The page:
Shouldn’t have gotten on this flight tonight

I just finished my last business trip before I revert to civilian status, which is both a good thing and a bad thing. There is a certain badge of honour in being a road warrior because of the scars and battle wounds we gather courtesy of the time we spend in the airport, hotel and bad food trenches. Of course having the badge is no substitute for having a life, but entering the off-ramp into the slow lane of leisure travelers comes with some new and different challenges, not the least of which is relinquishing whatever privileges come with airline ‘status’ these days – those small mercies that allow you to get on board before all the overhead bins are stuffed to the max and get a head start on a movie (thank you noise cancelling earbuds and thank you airlines for not having figured out yet that noise cancelling earbuds exist).

I would never have thought it was possible to get tired of San Francisco but after well into the double digits worth of trips (averaging at least four times a year) it would take a ride with Steve McQueen to inject even a little excitement into touching down at SFO. I’m sure the Friday morning flight from gate 92 won’t miss me and nor will the two-thirds of passengers that clog the line for Zones 1 and 2. Sorry, Golden Gate Bridge, you are dead to me (in a nice way).

I hate to report that LGA is spiraling further down (if that is even possible) into grumpy, grungy territory. Even if the construction that results in a 40 minute journey from Terminal 1 to 2 finally abates within my lifetime, I’m sure they will still continue to roll-up the carpet on the TSA Precheck lane when the clock strikes 6pm, because of course all of us trying to get home at a decent hour after foolishly deciding to day-trip it to New York should have taken an earlier flight. Oh, but that flight was probably cancelled anyway. Fingers crossed, I will never again have to find a stranded-after-last-flight-out dodgy hotel room in Queens.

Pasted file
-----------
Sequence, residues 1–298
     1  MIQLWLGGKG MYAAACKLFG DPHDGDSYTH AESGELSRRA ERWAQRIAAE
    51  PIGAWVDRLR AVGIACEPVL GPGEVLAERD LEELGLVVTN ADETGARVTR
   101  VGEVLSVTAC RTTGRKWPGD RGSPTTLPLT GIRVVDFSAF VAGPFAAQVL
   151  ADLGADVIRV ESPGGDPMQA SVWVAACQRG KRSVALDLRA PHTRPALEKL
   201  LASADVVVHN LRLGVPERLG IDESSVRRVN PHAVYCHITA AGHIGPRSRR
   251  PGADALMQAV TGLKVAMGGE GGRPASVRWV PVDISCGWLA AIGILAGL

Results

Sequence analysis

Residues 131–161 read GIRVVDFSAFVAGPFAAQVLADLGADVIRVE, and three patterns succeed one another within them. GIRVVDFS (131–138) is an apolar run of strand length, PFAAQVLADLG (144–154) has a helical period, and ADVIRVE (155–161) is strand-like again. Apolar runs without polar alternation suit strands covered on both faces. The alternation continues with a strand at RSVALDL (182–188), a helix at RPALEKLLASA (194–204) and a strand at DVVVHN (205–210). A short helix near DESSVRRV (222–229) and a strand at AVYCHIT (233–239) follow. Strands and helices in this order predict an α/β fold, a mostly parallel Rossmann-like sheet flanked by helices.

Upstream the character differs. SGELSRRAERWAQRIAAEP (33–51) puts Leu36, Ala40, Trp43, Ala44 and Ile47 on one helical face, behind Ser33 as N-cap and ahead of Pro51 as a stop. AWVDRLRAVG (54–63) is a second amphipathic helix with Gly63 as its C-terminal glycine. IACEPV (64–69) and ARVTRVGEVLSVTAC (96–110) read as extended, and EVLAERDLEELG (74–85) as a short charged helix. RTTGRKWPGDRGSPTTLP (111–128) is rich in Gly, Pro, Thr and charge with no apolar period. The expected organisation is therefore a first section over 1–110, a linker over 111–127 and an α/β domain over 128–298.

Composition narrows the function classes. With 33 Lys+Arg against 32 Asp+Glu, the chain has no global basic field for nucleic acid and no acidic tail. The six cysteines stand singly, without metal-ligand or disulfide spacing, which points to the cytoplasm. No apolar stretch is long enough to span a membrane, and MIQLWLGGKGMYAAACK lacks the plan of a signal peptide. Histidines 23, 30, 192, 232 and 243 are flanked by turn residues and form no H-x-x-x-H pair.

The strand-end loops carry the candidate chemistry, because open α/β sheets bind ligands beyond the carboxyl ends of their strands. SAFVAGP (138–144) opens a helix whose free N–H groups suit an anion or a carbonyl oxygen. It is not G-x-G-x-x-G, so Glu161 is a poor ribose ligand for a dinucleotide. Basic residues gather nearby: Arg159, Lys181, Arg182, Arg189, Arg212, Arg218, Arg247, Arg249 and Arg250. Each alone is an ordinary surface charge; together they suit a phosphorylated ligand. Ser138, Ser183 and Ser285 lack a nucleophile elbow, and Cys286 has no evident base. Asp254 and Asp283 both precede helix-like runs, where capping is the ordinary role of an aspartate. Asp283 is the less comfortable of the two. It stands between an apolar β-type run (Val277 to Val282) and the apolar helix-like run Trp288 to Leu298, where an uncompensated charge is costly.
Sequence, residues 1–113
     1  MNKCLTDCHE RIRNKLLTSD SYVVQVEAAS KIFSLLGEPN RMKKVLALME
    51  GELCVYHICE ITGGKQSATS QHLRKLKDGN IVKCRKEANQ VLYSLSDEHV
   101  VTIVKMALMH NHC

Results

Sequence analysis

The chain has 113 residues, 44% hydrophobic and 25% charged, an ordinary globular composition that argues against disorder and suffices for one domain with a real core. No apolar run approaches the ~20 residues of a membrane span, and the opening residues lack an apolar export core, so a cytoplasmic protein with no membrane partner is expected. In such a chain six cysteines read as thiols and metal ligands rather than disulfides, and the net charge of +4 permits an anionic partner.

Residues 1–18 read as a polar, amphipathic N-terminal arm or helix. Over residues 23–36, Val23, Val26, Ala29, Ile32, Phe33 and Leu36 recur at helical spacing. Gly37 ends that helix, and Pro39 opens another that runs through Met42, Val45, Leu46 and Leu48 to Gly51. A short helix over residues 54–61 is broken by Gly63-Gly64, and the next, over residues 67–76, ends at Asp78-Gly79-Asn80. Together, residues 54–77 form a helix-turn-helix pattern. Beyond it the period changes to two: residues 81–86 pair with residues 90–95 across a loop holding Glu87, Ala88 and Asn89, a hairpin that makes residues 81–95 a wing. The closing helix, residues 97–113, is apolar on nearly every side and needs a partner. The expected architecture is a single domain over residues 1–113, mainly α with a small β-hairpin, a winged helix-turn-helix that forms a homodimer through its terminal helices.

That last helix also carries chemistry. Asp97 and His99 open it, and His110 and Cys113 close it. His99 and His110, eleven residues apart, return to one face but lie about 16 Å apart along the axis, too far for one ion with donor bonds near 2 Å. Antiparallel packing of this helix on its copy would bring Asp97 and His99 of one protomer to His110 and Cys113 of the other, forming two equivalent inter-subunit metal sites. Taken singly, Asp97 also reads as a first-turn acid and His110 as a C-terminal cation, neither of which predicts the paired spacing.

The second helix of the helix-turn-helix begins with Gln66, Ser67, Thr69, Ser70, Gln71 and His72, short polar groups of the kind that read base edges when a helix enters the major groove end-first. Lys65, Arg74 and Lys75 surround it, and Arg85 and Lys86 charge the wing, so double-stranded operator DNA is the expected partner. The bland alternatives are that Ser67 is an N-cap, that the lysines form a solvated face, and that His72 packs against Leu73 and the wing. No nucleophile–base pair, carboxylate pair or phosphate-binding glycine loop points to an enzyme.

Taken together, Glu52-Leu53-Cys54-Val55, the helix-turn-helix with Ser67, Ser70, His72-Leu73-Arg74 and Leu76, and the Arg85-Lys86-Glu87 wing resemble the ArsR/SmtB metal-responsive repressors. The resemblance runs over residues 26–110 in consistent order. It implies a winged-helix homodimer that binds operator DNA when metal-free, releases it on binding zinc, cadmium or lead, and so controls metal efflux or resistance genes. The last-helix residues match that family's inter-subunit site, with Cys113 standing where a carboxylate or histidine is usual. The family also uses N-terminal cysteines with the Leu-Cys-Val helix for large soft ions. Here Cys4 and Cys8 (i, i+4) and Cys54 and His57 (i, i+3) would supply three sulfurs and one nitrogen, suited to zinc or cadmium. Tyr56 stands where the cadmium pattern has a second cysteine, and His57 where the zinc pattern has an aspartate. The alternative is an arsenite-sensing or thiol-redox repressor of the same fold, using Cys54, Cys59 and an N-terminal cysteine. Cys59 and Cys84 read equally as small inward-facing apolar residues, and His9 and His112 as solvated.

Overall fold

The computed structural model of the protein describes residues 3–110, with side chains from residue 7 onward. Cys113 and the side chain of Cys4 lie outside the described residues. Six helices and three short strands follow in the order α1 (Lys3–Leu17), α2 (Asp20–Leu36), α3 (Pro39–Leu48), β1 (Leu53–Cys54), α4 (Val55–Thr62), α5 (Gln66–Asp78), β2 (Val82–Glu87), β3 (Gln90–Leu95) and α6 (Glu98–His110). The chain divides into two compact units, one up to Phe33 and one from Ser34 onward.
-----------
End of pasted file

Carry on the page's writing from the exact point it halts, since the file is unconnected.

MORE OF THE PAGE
I have a little bit more sympathy for Las Vegas (ringing in at four times this year) because it tries so hard, but I lose every shred of it dealing with the typical Las Vegas visitor who personifies the most rookie species of amateur traveler. These are the people who saunter aimlessly down the terminal corridor and stop abruptly in front of me when I am making the mad dash to the gate. Or wear shorts on the plane then complain that it’s cold. Or don’t leave their People magazine behind in the seat pocket.

While cooling our heels outside Gate 92 six weeks ago, one of my colleagues said “My biggest fear is getting a seat where the entertainment system audio doesn’t work.” After we all stopped laughing at this penultimate first world problem, there was a moment of silence while the true meaning of this statement sank in. As frequent fliers not many things cause trepidation or anxiety because we’ve seen it and done it all before. Crashing into a mountain? Skidding off the runway? Landing at the gate that couldn’t possibly be more remote from the Customs Hall? We laugh in your general direction! What we fear most is losing the things that remind us we are human. Especially losing that window of quality time when the work world can’t reach us so we can squander it watching Ghostbusters.

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